London’s first ever Food Tech Week kicks off on Friday, pledging a week-long celebration of food, whilst focusing our country’s tech capabilities on igniting change across our food economies and ecosystems. Co-founder and CEO, Victoria Albrecht, wants the week to help shape a view of tech that concentrates on applying solutions to bigger problems. We caught up with her over a bowl of brain food (quinoa and amaranth porridge with cinnamon), to find out how she succeeded in bringing London’s leading innovators, food brands, start-ups and entrepreneurs together, to tackle the biggest challenges in food and agriculture today.
How did London Food Tech Week come about?
Whilst at University in Scotland I set up my own food festival, inviting start-ups and producers who worked with organic and local produce to get involved. We started small but had a big vision and ended up with over 50 stalls. After university I travelled to San Francisco and witnessed the amazing food tech industry out there. They’re harnessing the potential of tech and creating solutions to huge global problems. I came back inspired and started talking with my co-founder Nadia El Hadery, about how we could do the same with the talent we have in London. Initially we came up with the idea of a Food Hackathon to facilitate industry problems over one weekend. But our ideas grew and we’ve ended up combining talks and live panel discussions with events such as our TEDx Future of Food, building a while week dedicated to food tech. We’re working with Google, Edelman PR, TEDx and so many more great companies to deliver an amazing series of events.
What do you think London has to offer for this event?
In San Francisco they’re solving very real problems such as drought because it’s such an immediate threat to them. Here we’re blessed that we can address big problems before they’ve happened. This week will be really important in shaping future approaches to sustainability in food and agriculture.
Nadia El Hadery and Victoria Albrecht
What do you think is key to moving forwards, what are industry innovators already doing in the UK?
It’s about shaping space to use technology within. A good example of this is FoodCloud. Founders Iseult Ward and Aoibheann O’Brien came together with an idea of something they wanted to facilitate. They didn’t set out to form a company. As a result they were able to work within the infrastructures of existing companies such as Tesco to make big changes with reducing food waste. It's a really nimble way to affect change.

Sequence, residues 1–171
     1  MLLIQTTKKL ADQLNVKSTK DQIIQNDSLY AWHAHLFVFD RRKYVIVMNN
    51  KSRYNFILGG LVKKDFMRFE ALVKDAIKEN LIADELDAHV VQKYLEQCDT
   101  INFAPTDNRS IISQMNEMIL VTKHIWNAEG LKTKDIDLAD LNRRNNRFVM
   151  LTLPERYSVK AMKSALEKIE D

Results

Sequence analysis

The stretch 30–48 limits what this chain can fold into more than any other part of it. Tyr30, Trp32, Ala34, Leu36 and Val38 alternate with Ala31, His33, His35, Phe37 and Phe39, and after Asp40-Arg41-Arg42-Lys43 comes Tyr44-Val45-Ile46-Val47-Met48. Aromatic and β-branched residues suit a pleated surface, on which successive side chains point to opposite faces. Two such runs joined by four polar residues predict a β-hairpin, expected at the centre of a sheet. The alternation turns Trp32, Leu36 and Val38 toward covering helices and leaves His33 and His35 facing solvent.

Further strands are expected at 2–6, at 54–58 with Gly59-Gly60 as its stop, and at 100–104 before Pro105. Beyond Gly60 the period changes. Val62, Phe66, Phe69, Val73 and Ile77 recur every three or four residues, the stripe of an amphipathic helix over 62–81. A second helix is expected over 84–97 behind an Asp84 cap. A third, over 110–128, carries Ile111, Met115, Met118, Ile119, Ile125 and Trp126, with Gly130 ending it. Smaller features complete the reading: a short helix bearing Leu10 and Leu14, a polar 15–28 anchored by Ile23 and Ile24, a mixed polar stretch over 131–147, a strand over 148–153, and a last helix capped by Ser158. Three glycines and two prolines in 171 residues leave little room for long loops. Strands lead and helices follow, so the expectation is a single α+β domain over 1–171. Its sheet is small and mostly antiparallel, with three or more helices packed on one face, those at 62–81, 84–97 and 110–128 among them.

Jamie Oliver Limited are challenging the London Food Tech Week Hackathon
So tell us, what events should we be most excited about at Food Tech Week?
So many, but especially our Food Hackathon with Jamie Oliver Limited about Hacking Nutrition, our TEDx Future of Food discussion and Food of Genius. Also, check out talks with Tim West from the San Francisco Food Hackathon and Lesley Zigler Co-Founder of Bitty Foods.
You can’t predict the future but you can create it
Your energy is really infectious; it feels like your facilitating such a positive change in attitudes.
Thanks! There’s a very cheesy quote: ‘You can’t predict the future but you can create it’. It rings very true for me and that’s what we’re trying to do with London Food Tech Week.
There’s going to be a real buzz in London from October 16th-23rd as the finest tech brains come together to ignite change. Make sure don’t miss out, you’ll find a full line up of events here. And if you can’t make the Food Hackathon don’t worry, we’ll be covering all three days here on the Creativepool magazine. We're staying up all night so you don’t have to!